Promote Healthy Aging
As part of our goal to improve the health and quality of life for seniors and adults with disabilities, Aging & Disability Services has embarked on a number of Healthy Aging initiatives with our community partners. These efforts include improving access to healthy foods and opportunities for physical activity.
The U.S. Administration on Aging (AoA) highlighted the health promotion efforts of ADS in the following report:
Congregate meal programs help meet the dietary needs of adults 60 years and older by providing nutritionally sound meals in a group setting. Nutrition education and social and fitness activities are also provided.
- ADS funded Senior Congregate Meal Sites (includes list of home delivered meal programs)
- Materials for 2008 Senior Nutrition Program RFI - includes community input; Science to Policy research; best practices; and program trends.
- Community Based Nutrition Services: Policy to Practice Sept. 2011. Presentation by Jean Lloyd, AoA National Nutritionist. Includes relationship of nutrition to health and functionality, and demographic and health data for nutrition program participants.
In an effort to make healthy foods more affordable for senior meal and childcare programs, the Farm to Table Partnership identified and developed sustainable purchasing models for fresh local produce. The project included an education and training component for meal program providers. Farm to Table was funded by Public Health of Seattle-King County through a federal stimulus grant, Communities Putting Prevention to Work (CPPW), and was nationally recognized as a "Health Champion" by the CDC.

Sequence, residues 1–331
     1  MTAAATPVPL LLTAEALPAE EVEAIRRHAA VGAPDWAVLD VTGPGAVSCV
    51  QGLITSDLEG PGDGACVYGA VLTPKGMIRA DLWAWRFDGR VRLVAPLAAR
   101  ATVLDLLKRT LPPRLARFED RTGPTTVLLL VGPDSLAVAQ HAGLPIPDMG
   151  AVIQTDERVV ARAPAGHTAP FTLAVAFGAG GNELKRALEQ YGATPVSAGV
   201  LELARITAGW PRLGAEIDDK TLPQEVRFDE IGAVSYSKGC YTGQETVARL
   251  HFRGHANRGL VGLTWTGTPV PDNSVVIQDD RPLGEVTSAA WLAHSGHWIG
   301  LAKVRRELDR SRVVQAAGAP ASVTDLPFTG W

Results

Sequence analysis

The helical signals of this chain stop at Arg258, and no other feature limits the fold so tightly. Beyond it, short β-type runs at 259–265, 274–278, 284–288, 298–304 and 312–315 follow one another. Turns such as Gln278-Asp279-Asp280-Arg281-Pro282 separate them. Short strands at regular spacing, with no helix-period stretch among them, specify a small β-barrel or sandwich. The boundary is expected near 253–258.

- "Getting fresh local produce to kids and seniors: Exceeding expectations with the Farm-to-Table Partnership in King County, WA," presentation by Maria Langlais, Aging and Disability Services, for the 2012 American Public Health Association Conference.
- Assessing Delivery Models for Childcare and Senior Meal Programs, October 2012. By Karen Mauden, Northwest Business Agriculture Center (NABC).
- Project Evaluation: Policy, System and Environment Changes, January 2012, by Laurie Ringaert, PHSKC
- Project Update: Final report submitted March 29, 2012.
- Mapping Our Voices, Farm to Table Digital Stories
- Farm to Table Training Video, August 2011. Filmed at the Sno-Valley Senior Center in Carnation, and produced by WA State Dept. of Agriculture Farm to Schools Program in collaboration with Senior Services.
- Washington Grown Toolkit
- Good Food Bag - video short on the community food hub model
- CPPW Public Health King County
- Media Coverage
- CDC Awards "Health Champion Recognition" to Farm to Table, June 2012 issue of Agewise King County.
- NABC/Puget Sound Food Network Blog
- National Recognition of Health Champions, Tukwila Reporter, February 23, 2012
- From Farm to Table: Connecting Farmers with Senior Meal and Childcare Programs, Seniors Digest, May 2011
- Farm to Table: Bringing Healthy Food From Local Farms to Local Kids, Green Acres Radio report by Marth Baskin, April 14, 2011.
The Senior Farmers Market Nutrition Program (SFMNP) enhances access to fresh fruits and vegetables for seniors and supports local sustainable agriculture. Baskets of fresh produce are delivered to homebound seniors and include newsletters with information about unfamiliar foods, recipes, & information about the farmers. Each summer, one-time Market vouchers are provided to 2,000 low-income seniors.
- SFMNP Voucher/Check Distribution Program